The State Department's press operation works in mysterious ways. For instance, this short transcript just arrived in my email in box, under the grandiose headline "Remarks with Turkish Foreign Minister Ahmet Davutoglu Before Their Meeting":
QUESTION: Madam Secretary, do you expect Turkey to finally agree on sanctions against Iran?
SECRETARY CLINTON: We are working every day and making progress.
QUESTION: Thank you.
SECRETARY CLINTON: Thank you.
I feel better informed already. For a more complete accounting of U.S-Turkish relations, see Josh Rogin's latest.
Raul Castro has made some
modest reforms since taking over in July 2006. A few token changes, including the
introduction of cell phones, DVD players, microwaves and computers, have been made - but access
to these amenities has been prohibitively
expensive. New salary incentives were also introduced in 2008, although
such moves are not completely new.
All in all, the expected moves
towards a market-oriented economy have been lacking. But now there are some small signs that the leadership is
planning to liberalize some sectors of its economy. Where will they start, you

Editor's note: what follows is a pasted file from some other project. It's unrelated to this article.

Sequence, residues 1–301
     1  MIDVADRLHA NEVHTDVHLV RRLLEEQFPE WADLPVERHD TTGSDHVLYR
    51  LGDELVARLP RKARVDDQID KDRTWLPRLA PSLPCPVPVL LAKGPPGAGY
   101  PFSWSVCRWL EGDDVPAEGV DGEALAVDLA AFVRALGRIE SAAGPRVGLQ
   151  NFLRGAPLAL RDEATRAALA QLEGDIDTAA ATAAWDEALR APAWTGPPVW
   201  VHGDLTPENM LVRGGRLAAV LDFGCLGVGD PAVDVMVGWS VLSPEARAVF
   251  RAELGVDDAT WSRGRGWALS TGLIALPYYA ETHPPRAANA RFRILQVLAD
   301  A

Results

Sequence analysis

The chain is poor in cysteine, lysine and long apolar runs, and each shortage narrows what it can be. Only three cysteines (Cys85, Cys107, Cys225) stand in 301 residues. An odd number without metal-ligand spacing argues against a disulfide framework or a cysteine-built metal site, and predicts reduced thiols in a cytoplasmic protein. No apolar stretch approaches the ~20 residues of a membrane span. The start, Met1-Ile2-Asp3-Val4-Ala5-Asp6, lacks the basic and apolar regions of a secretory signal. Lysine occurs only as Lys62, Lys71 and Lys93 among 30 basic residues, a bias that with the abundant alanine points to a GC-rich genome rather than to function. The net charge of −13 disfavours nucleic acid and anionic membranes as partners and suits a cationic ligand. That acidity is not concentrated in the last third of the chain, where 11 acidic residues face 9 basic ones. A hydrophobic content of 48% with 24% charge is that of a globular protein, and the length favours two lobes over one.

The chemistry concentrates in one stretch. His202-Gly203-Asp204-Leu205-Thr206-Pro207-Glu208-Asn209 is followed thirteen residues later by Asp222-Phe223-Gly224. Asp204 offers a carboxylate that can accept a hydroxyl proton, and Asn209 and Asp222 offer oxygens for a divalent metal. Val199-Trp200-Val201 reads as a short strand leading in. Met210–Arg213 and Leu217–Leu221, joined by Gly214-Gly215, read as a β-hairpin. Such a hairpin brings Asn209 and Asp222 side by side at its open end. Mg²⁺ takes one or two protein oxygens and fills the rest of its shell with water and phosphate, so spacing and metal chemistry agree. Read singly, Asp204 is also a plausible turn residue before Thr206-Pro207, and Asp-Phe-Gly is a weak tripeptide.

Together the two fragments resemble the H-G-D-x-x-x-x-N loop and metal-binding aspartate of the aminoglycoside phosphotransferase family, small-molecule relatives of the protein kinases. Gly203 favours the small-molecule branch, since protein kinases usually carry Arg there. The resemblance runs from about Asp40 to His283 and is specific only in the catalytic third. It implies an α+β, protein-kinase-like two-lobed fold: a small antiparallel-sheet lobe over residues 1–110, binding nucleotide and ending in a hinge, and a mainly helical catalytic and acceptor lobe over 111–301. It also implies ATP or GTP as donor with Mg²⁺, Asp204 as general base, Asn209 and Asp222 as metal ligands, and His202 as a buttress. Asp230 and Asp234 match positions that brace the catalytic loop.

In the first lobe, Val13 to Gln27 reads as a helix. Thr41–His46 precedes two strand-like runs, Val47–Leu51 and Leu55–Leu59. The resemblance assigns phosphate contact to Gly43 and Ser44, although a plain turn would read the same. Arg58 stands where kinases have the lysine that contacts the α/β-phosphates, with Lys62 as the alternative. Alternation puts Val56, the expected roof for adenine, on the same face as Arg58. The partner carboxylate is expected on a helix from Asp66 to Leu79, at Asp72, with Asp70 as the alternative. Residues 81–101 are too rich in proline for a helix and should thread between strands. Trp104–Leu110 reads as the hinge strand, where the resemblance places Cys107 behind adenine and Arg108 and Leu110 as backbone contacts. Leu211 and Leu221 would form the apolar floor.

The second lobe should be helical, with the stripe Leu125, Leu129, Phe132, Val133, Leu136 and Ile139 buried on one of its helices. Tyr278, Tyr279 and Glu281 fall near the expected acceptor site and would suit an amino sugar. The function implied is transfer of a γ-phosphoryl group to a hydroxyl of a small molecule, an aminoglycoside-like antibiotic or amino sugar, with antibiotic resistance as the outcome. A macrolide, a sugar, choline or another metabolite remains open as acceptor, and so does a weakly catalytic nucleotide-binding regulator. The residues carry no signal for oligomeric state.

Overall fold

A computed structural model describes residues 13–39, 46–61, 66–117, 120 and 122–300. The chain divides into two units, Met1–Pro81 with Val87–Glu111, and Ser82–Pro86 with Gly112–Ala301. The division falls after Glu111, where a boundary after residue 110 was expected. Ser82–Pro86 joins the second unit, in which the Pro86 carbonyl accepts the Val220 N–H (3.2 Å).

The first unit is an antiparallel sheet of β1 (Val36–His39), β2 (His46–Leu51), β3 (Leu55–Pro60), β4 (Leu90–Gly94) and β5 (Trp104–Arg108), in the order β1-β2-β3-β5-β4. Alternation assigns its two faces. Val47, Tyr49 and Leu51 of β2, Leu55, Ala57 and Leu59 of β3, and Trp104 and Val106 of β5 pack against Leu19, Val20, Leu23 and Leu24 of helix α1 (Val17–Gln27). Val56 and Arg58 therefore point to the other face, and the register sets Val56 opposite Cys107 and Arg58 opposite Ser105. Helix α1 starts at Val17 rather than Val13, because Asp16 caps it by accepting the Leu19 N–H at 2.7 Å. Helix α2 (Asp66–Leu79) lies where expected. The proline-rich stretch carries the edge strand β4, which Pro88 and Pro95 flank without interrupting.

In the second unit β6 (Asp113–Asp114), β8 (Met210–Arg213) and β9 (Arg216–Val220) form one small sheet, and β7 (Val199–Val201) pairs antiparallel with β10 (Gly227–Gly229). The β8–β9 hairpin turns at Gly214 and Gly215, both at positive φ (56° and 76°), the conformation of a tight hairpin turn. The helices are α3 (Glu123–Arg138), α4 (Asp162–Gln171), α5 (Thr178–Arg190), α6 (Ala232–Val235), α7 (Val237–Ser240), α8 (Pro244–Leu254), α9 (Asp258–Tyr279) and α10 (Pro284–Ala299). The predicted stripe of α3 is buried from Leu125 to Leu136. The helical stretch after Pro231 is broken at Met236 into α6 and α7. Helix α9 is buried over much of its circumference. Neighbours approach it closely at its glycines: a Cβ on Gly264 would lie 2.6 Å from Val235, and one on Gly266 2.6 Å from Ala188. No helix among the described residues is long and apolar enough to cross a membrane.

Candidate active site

ask? It might not be where you would expect: barber
shops and beauty salons.
to the measure -- which state run media has not yet announced -- all barbers
and hairdressers in small shops will be allowed to charge market prices and pay
taxes (15 percent of average revenue) instead of getting a set monthly wage:
Daisy, a hairdresser in an eastern
Guantanamo province, told the Reuters news agency that under the old
system the government took in 4,920 pesos per month per hairdresser.
Now she will pay the government 738 pesos per month and keep any earnings
‘We have to pay water, electricity and for supplies but it seems like a good
idea,' Daisy said.
said that while the plan did not turn the shops into co-operatives, employees
would have to join forces to decorate and maintain the establishments."